All too often the press seems to want to downplay stories broken by a competitor.

So it’s good to see The New York Times and The Wall Street Journal follow up in a big way on a Bloomberg scoop yesterday that the Federal Reserve told AIG to conceal details of its bailout from the public.

Alas, while the Times at least nods to Bloomberg for being first, the Journal is stingy with the credit. Not cool. Yes, the e-mails in question were leaked by Congressman Darrell Issa to Bloomberg, but they got them first. That’s how it goes.

The Journal doesn’t add much with its second-day story, which reads like a first-day one. The Times does better on that front, spinning it forward somewhat by interviewing experts on whether the Fed and AIG broke the law by withholding material information from public shareholders.

But the NYT does a poor job of giving readers basic info here: who those experts are. It twice paraphrases “others” who take the view that the Fed and AIG did nothing wrong, but doesn’t identify the sources beyond saying “one securities lawyer said” in one instance. That’s not good enough.

In other words, it doesn’t fully back up its promising lede:

New revelations that the government stopped the American International Group from revealing information about its bailout had securities lawyers and policy makers buzzing on Thursday about whether the information had to be disclosed under federal securities law, and if so, what to do about the lack of compliance.

But compare it to the WSJ’s, which tries to make it seem like the story isn’t already a day old (emphasis mine):

The Federal Reserve Bank of New York told American International Group Inc. not to disclose key details of their agreements to make big payouts to banks in the insurer’s regulatory filings in late 2008, according to a set of email exchanges released Thursday.

The Times is good to put this quote up high:

Joel Seligman, a historian of the Securities and Exchange Commission, said the disclosure rules were supposed to apply to all public companies, with only a few narrow exceptions for things like trade secrets and national security. There was no exception for “too big to fail” companies on federal life support, he said. Companies are supposed to disclose all information that could be material, though that term is not clearly defined.

“When an organization is troubled, it actually makes disclosures of this kind more important,” Mr. Seligman said.

It’s watered down, though, by the he-said/she-said of one of the “others” paragraphs:

Others disagreed, saying that bank and insurance regulators normally keep their discussions with struggling financial institutions private, to keep from inciting runs. There has always been tension, one securities lawyer said, between banking regulators, who want to resolve problems behind closed doors, and the federal securities laws, which compel disclosure.

Okay, but what does that have to do with whether this act actually broke the law? We all know the Fed’s inclined to secrecy.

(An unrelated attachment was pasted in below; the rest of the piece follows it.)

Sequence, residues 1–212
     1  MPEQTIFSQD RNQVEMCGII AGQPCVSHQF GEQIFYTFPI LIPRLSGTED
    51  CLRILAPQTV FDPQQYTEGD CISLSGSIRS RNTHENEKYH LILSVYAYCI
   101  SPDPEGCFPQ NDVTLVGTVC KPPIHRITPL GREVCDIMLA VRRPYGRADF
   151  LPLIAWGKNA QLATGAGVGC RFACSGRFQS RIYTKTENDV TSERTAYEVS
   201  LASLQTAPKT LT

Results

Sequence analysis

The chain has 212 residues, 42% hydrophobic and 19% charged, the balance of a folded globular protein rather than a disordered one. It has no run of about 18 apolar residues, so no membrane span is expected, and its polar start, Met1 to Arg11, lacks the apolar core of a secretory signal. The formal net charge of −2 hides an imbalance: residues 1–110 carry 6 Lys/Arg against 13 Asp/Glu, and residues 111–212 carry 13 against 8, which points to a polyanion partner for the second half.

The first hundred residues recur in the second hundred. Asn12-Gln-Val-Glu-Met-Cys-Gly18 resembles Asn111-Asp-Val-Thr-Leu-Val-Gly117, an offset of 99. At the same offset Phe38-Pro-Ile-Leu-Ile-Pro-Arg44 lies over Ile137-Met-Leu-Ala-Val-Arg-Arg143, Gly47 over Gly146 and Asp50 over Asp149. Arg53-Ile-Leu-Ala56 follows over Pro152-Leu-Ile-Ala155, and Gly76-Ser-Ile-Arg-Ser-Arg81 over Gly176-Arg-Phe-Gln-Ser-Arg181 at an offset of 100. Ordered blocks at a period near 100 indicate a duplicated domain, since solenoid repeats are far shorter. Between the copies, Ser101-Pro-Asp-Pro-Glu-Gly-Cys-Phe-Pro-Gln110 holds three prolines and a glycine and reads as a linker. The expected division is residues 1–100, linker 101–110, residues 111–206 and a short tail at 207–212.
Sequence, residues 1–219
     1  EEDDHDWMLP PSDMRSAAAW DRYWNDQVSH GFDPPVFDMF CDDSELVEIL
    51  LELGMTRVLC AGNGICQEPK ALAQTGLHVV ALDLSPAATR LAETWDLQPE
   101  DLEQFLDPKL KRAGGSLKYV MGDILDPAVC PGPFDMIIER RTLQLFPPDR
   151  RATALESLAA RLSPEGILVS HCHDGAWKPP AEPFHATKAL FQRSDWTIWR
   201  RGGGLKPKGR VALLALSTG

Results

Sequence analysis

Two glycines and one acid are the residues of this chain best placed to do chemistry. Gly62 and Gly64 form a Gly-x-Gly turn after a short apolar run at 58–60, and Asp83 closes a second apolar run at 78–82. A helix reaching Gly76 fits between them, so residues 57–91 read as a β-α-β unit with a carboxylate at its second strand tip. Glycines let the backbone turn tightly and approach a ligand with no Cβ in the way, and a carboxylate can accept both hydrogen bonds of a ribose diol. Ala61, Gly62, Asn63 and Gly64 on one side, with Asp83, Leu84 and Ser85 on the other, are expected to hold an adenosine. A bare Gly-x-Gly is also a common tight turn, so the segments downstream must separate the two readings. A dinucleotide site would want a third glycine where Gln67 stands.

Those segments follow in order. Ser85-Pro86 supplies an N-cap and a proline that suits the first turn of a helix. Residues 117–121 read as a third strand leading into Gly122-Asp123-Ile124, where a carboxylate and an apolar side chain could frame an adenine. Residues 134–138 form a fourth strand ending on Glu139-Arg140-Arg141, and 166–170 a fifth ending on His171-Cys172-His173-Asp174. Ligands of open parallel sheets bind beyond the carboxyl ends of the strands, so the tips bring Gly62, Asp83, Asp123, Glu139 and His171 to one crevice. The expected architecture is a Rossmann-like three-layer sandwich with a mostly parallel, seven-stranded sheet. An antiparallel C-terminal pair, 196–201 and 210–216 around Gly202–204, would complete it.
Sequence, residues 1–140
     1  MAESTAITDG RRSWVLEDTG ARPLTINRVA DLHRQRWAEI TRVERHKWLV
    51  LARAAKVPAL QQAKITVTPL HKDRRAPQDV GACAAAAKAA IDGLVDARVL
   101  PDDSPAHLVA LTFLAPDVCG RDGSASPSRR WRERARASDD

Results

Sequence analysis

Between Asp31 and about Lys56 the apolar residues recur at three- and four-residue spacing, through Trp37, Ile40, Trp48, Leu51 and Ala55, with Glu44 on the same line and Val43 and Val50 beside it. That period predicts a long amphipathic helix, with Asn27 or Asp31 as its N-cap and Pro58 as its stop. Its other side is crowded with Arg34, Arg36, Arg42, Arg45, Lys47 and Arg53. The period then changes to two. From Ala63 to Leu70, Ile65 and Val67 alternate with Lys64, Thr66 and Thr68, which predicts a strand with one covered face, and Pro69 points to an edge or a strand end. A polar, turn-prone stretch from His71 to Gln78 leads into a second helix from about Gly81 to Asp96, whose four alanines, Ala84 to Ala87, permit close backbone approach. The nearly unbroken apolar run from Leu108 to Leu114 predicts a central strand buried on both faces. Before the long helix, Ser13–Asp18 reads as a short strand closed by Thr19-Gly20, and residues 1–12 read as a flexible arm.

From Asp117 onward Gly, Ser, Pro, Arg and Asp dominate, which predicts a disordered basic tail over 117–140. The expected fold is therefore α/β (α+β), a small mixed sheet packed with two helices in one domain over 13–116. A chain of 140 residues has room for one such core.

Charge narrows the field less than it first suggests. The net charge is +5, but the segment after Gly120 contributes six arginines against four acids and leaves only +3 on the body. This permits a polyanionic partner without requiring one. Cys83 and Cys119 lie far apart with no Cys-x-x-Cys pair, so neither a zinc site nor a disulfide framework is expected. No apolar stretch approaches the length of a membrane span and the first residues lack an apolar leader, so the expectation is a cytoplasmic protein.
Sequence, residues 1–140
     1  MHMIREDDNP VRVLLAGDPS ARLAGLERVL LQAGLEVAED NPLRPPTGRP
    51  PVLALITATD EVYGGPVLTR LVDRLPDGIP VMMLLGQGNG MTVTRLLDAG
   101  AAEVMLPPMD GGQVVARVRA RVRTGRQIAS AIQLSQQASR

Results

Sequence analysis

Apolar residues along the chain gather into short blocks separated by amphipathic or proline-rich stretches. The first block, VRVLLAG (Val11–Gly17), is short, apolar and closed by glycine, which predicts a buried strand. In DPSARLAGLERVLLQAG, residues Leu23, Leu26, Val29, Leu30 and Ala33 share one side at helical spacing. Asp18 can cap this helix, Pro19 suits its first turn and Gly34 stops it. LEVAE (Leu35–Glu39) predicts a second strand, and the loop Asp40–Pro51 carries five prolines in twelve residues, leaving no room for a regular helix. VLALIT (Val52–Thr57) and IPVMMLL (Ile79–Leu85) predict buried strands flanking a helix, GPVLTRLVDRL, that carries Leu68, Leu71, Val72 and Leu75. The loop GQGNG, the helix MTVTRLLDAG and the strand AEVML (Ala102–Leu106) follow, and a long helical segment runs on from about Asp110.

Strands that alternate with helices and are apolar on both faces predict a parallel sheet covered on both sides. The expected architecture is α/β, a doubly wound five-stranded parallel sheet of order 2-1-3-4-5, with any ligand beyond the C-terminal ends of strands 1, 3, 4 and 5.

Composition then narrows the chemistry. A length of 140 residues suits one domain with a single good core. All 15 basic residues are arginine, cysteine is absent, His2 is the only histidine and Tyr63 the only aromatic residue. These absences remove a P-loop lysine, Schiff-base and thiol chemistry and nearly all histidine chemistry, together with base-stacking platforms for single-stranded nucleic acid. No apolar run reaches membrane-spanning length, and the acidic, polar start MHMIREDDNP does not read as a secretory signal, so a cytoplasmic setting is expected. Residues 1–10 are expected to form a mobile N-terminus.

The Times, near the bottom of the story, also reports this:

More recently, attempts by the New York Fed and A.I.G. executives to soften pay restrictions included references to the company’s condition that some thought should have been disclosed to shareholders.

The officials argued that the executives would resign if they were paid in company stock, citing projections showing that the stock might be worthless — something the taxpayers, as shareholders, might like to know — according to people with knowledge of the analysis.

Those discussions were disclosed on Sunday in an article in The New York Times Magazine.

That’s good context for this story, as it shows yet another example of the Fed and AIG withholding information, or at least not putting disclosure at the forefront.

And there’s another angle to the chicanery here. Bloomberg’s Jonathan Weil cleverly built off that NYT scoop in his column the other day:

Here’s what AIG’s balance sheet has shown for the past two quarters: Common shareholder equity, also known as book value or net worth, was $14.7 billion as of June 30 and $5.1 billion as of Sept. 30, according to the company’s filings.

If AIG’s executives believed the shares were worthless, it’s hard to imagine how they could justify filing balance sheets that showed the company still had a positive book value. It wouldn’t make sense for them to believe AIG’s common equity was greater than zero if they thought the common stock had no value.

Lots of questions for AIG and for the Federal Reserve. And it looks like we might see powerful people have to attempt to answer them: Bloomberg just flashed a headline reporting that Democrat Elijah Cummings is “demanding” Geithner testify about the AIG/Fed emails his Republican colleague Issa uncovered.

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Ryan Chittum is a former Wall Street Journal reporter, and deputy editor of The Audit, CJR's business section. If you see notable business journalism, give him a heads-up at rc2538@columbia.edu. Follow him on Twitter at @ryanchittum.